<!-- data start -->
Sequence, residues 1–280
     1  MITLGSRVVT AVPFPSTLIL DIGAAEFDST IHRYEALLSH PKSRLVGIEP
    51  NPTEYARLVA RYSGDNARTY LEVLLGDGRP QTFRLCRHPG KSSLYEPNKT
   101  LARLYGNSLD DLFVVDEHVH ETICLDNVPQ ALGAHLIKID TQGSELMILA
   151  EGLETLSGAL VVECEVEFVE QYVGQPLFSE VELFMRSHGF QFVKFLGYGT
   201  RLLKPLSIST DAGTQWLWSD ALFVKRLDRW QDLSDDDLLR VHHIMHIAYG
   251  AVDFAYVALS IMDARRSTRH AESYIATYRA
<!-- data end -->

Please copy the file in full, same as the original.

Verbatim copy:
Sequence, residues 1–280
     1  MITLGSRVVT AVPFPSTLIL DIGAAEFDST IHRYEALLSH PKSRLVGIEP
    51  NPTEYARLVA RYSGDNARTY LEVLLGDGRP QTFRLCRHPG KSSLYEPNKT
   101  LARLYGNSLD DLFVVDEHVH ETICLDNVPQ ALGAHLIKID TQGSELMILA
   151  EGLETLSGAL VVECEVEFVE QYVGQPLFSE VELFMRSHGF QFVKFLGYGT
   201  RLLKPLSIST DAGTQWLWSD ALFVKRLDRW QDLSDDDLLR VHHIMHIAYG
   251  AVDFAYVALS IMDARRSTRH AESYIATYRA